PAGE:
Jul 25, 2012 4:52 PM GMT
General Motors (GM) shares closed down 1.5% to 19.02 on Monday, hitting 18.85 intraday. That's the lowest since the U.S. auto giant came public again in November 2010 at 33 a share. Update: GM shares early Tuesday fell 1.4% to 18.76, hitting a new low.)
That raises the taxpayer loss on the GM bailout to just shy of $35 billion. Here's the math:
GM doesn't have to pay back anything else, but taxpayers are still out $26.4 billion in direct aid. The Treasury still owns 26.5% of GM — 500 million shares. The stock would have to rise to about 53 to break-even on that direct aid. At the current price, the Treasury's stake is worth just $9.51 billion. (Taxpayers lose $5 million for each penny that GM stock falls).
That would leave taxpayers out $16.9 billion. But the true cost is much higher.
President Obama let GM keep $45 billion worth in past losses to write off future earnings. These carry-forwards are typically wiped out or severely cut along with debts as part of bankruptcy. But in this case, the administration gifted huge tax breaks with an $18 billion book value. (That's how GM avoided taxes last year despite a bumper $7.6 billion profit.)
Including those tax write-offs, taxpayers are sitting on a bailout loss of $35 billion.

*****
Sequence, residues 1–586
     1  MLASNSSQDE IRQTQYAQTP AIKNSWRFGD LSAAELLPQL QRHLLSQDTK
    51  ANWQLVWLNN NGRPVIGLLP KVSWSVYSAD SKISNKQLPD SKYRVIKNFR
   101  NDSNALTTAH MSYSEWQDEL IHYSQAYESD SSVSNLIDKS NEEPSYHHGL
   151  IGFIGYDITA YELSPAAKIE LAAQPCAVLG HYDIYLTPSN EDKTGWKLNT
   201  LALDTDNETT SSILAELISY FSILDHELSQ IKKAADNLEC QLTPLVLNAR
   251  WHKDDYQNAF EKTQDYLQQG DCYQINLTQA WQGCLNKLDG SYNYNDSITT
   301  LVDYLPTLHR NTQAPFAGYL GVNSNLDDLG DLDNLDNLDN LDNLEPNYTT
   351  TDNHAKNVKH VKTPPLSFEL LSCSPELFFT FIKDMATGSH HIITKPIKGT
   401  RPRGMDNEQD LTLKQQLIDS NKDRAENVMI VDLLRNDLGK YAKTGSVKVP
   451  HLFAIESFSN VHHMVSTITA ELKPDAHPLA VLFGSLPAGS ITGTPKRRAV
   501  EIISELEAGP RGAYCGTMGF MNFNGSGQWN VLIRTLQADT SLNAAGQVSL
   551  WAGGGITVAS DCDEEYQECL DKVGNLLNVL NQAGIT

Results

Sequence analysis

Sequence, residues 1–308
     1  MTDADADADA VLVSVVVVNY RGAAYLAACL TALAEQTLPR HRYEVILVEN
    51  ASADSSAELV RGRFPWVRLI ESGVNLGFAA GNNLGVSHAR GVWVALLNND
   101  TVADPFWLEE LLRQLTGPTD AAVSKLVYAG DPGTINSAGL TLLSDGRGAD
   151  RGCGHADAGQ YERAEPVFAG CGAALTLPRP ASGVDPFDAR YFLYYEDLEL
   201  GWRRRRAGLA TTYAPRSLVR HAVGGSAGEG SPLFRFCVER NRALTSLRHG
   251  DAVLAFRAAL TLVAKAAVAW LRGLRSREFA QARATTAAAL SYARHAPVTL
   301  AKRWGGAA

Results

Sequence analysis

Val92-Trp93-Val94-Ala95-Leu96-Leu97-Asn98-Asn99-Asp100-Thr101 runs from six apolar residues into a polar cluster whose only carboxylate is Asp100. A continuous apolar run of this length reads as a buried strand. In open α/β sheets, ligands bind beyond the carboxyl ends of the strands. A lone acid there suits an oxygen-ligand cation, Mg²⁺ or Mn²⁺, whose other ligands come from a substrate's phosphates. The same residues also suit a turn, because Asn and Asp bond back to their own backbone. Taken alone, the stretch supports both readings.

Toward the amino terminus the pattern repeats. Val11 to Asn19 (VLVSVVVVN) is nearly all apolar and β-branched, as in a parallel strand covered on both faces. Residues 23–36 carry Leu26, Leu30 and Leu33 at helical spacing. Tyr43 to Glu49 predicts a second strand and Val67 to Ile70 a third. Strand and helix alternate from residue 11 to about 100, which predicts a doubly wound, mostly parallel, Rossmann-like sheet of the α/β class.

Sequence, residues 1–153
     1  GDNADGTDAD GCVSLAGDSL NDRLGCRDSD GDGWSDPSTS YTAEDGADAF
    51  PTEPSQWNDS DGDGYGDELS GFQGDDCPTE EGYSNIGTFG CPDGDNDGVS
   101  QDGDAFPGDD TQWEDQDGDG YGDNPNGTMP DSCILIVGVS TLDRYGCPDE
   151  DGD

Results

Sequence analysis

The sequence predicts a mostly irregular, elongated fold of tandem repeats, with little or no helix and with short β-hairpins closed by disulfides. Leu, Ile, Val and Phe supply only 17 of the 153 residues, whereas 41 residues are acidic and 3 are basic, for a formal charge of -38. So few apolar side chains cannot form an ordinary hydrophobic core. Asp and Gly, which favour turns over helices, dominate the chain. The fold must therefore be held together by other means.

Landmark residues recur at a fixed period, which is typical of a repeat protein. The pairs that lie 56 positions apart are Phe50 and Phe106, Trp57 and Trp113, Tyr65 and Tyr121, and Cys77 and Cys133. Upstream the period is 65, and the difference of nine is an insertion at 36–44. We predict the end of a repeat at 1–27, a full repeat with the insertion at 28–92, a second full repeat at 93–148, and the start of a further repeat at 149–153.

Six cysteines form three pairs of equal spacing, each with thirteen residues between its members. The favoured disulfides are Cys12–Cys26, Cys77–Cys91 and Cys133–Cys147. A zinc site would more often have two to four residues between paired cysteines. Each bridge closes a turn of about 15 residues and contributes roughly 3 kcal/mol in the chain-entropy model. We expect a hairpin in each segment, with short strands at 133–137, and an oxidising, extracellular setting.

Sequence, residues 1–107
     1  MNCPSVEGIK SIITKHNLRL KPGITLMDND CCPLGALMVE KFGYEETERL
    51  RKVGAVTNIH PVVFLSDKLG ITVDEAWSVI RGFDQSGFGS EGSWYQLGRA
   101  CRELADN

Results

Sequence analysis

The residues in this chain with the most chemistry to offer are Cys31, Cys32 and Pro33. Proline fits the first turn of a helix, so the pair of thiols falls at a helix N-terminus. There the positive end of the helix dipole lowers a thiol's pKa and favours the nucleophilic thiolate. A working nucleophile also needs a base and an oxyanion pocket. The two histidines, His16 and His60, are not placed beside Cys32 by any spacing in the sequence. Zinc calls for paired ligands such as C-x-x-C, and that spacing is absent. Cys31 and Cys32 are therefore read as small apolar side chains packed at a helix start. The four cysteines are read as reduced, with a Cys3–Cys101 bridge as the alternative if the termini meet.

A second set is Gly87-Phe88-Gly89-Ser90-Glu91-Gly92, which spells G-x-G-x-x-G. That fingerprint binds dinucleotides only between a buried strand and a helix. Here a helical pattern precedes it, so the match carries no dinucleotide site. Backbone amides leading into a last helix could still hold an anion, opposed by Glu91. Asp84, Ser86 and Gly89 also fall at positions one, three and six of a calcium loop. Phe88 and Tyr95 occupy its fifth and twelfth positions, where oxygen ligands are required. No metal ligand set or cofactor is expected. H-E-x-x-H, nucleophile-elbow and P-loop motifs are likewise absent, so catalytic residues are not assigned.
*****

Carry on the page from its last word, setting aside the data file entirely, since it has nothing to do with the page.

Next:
GM's big 2011 profit benefited hugely from the supply-chain woes at Toyota Motor (TM), Honda Motor (HMC) and other Japanese automakers due to Japan's tsunami and Thailand's flooding. That temporarily boosted its U.S. market share. But its share is rapidly receding, with Toyota finally back on track and Volkswagen (VW) rapidly expanding in America. And GM is padding its books, recording "sales" by stuffing dealers' lots with more and more inventory.
Overall U.S. auto sales appear to be leveling off or edging lower after a strong start to the year.
GM's big problems are in Europe, where the debt crisis continues to intensify, sending the region into a sharp recession. Auto sales in much of southern Europe have crashed. Even before the plunging demand, the region was plagued with chronic overcapacity. National governments resisted efforts by automakers to rationalize the production.
Longer term, GM still faces relatively high costs at home. After some union concessions, labor costs are almost even with Toyota. But Toyota is a relatively high-cost rival that can charge a premium over GM vehicles. Meanwhile, Hyundai and VW have lower U.S. labor costs.